Fighting pests with… pests? Getting creative with Integrated Pest Management

Pests are inevitable in any garden. For Melbourne Gardens however, a proximity to the city and large numbers of visitors creates something of a paradise for pests. Invasive species are one of the most significant threats to the Garden’s biodiversity and precious living collections so effective pest management is crucial. 

Dealing with pests can be tricky, especially while striving for sustainability and avoiding harsh chemical pesticides. As part of an Integrated Pest Management (IPM) strategy, the Garden’s staff have adopted some creative and natural methods. Their IPM combines biological, cultural and chemical processes to control pests, resorting to pesticides only when pests are unable to be controlled with natural methods.

One novel technique the nursery team at Melbourne Gardens has adopted is to use bugs to fight bugs! After a mealybug outbreak on the succulents destined for the Arid Garden collection, the team decided to unleash a consignment of ladybug larvae (Cryptolaemus) to combat the outbreak. Biological options like these (cute?) fluffy looking larvae can be an effective, natural way to manage these issues. In addition to predatory insects, the nursery employs the help of some other local critters. “We have tree frogs in the nursery which will pick on slugs and other insects. We also have carnivorous birds which will check the plants for scale insects” says nursery horticulturist, Chris Jenek.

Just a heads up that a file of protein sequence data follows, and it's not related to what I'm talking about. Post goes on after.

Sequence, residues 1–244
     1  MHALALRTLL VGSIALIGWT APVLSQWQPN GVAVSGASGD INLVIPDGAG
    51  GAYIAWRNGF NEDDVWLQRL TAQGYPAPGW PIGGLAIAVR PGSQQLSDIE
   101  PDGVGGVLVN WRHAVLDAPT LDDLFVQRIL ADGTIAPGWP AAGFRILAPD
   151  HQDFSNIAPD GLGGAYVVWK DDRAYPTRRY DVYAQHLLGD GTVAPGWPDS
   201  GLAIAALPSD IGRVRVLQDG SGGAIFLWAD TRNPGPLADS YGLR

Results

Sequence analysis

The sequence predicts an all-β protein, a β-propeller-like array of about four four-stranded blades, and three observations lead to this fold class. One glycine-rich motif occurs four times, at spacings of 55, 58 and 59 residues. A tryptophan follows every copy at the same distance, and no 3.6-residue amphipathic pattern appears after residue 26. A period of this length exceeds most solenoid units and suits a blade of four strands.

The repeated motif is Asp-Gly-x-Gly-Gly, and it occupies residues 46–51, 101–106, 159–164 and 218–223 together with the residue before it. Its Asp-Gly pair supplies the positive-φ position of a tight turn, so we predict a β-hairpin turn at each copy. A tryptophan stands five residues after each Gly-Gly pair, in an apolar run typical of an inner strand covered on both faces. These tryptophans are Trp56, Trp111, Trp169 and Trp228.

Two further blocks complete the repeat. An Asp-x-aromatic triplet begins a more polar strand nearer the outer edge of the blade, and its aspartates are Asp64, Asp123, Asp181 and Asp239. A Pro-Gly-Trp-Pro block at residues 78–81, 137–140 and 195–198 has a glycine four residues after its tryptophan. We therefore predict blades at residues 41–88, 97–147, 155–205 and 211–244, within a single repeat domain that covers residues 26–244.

Another strategy the team uses is to alter the temperature of the plants’ environment in order to combat fungal pests. “If we have a fungal problem we can increase or decrease temperature and humidity to combat that. I can't recall the last time we actually sprayed plants in the nursery” says Chris. The diversity of plants held in the nursery also offers an inherent safeguard against pests. “This nursery is unique because we don’t have thousands of the same variety of plant, so even if we have a problem it won’t spread because every plant is different. It won’t jump from one to the next.'' 

Outside of the nursery, predatory nematodes have been deployed across the wider environment of Melbourne Gardens. These creepy-looking critters inhabit soil and are the most abundant multicellular animals on earth. They attack soft-bodied, slow-moving pests that prey on flora while sparing precious earthworms and plants. While somewhat out-of-the-box, these sustainable methods of pest control aren’t applicable only in large gardens. Trying out these techniques at home could help you transform your backyard into a pest-free zone without reaching for pesticides!

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